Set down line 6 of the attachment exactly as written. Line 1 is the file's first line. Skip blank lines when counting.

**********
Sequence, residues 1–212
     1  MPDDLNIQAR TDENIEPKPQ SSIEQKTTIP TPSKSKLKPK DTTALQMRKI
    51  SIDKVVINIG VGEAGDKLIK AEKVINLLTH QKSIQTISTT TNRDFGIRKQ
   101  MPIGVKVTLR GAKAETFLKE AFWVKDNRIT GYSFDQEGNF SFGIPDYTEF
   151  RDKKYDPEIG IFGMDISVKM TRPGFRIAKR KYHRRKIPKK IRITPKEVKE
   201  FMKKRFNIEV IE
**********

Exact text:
   201  FMKKRFNIEV IE